Cutting the cost of absenteeism.
In 2008, the Confederation of British Industry (CBI) estimated that 172 million working days were lost to absenteeism. This deficit, averaging at 6.7 days off sick per employee, costs British Industry a staggering £13.2 billion - or £517 per employee per year.
In fact, 'pulling a sickie' cost the UK economy £1.6 billion last year and this was just the direct cost.
The full scale of the problem becomes clear when the indirect costs of unauthorised absence are considered. In a lot of cases, unauthorised absences are accompanied by little or no notice. Replacing resources or delegating the workload with such short notice is not only inconvenient, time consuming and costly, it also places an additional strain on other employees. It also has a domino effect on the organisation by creating a negative impact on morale, overall productivity and customer relations.
A few years back, a habitual pattern of absenteeism across one of our client’s contact centres was having a detrimental effect on customer satisfaction levels. To address the problem, we discussed the feasibility of a hard-hitting internal campaign that would get people thinking differently about unauthorised absence in terms of the business, customers and colleagues. The objective of the campaign was to reduce manageable absence by half and so achieve a significant cost-saving.
The resulting creative work was a bold and straight talking multi-channel campaign that tackled the problem head-on. Getting straight to the facts – we chose messaging that clearly hit home the impact absenteeism has on the bottom-line and team mates.
Our campaign was part of a number of proactive engagement processes that involved everyone from advisors and operational leaders to HR, PR and Internal Comms. As well as re-educating people, the campaign set out to bring individuals and business objectives closer together. Face to face meetings gave people the chance to hear about the absentee issues directly from senior executives. Line managers were called upon to pass on information and remind people of the implications and how absenteeism affects everyone directly.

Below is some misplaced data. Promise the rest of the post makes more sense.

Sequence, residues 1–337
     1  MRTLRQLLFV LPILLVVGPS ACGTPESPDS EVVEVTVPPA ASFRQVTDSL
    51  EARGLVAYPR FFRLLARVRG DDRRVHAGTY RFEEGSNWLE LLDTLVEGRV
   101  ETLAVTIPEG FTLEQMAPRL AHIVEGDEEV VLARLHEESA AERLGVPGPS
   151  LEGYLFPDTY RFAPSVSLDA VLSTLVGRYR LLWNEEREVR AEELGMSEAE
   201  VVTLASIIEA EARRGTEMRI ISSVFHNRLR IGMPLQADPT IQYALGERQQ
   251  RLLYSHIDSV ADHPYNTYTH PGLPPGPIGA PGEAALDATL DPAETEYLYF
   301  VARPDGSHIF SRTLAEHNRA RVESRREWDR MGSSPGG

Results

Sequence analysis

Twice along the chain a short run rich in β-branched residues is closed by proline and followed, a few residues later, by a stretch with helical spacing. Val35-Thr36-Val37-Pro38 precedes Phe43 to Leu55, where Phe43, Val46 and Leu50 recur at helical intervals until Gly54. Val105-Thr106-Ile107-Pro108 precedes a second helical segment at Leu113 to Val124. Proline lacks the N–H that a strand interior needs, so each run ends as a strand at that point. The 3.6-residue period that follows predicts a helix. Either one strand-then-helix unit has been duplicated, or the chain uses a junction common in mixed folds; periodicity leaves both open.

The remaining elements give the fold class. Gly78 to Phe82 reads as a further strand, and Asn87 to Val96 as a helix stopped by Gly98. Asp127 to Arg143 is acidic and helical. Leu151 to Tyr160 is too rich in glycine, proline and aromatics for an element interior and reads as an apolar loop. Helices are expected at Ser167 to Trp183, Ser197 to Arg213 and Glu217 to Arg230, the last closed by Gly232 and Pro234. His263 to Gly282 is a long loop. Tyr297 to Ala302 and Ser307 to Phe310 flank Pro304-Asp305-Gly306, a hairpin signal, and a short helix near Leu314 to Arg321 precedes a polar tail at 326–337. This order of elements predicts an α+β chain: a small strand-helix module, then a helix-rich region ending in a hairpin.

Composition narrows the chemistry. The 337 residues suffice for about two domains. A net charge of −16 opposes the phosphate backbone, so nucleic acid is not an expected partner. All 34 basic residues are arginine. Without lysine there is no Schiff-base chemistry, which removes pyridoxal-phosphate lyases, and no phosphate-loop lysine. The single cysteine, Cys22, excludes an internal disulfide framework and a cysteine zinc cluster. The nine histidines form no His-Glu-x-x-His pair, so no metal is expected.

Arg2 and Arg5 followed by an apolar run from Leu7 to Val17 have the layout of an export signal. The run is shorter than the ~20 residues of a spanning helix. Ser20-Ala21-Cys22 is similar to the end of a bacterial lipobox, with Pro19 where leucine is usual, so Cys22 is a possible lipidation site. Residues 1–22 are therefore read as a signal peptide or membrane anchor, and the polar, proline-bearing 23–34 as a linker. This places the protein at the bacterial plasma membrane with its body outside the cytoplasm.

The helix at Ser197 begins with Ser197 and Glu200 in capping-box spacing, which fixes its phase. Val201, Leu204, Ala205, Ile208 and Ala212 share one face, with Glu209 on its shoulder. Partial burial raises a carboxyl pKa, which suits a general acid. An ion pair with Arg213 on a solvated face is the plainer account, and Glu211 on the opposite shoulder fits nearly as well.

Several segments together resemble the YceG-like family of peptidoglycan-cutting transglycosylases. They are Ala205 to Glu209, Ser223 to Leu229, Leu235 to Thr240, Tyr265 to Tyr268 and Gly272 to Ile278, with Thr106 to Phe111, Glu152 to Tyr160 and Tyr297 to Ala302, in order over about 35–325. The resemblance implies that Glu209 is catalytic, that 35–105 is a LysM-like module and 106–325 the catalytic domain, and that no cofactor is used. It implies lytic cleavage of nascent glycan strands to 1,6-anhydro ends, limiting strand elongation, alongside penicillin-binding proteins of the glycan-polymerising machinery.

Delivered in two phases, the first phase of the campaign focused on raising awareness of absence levels and this succeeded in getting people talking and bringing the problem out into the open. In doing so we identified a problem that employees hadn’t realised was so crucial to business success.
Phase two of the campaign aimed to build on the emotional and rational arguments. Taking a more positive tone of voice, it both reminded and reiterated that the business is a great place to work and that leaders are committed to doing their part in delivering ongoing improvements to the workplace and employee benefits.
Of course, changing behaviour is not something that happens overnight, but this high impact campaign achieved some impressive results. In four months, absence levels dropped by 37.5%.
Blog Posted by: John on 11/08/2010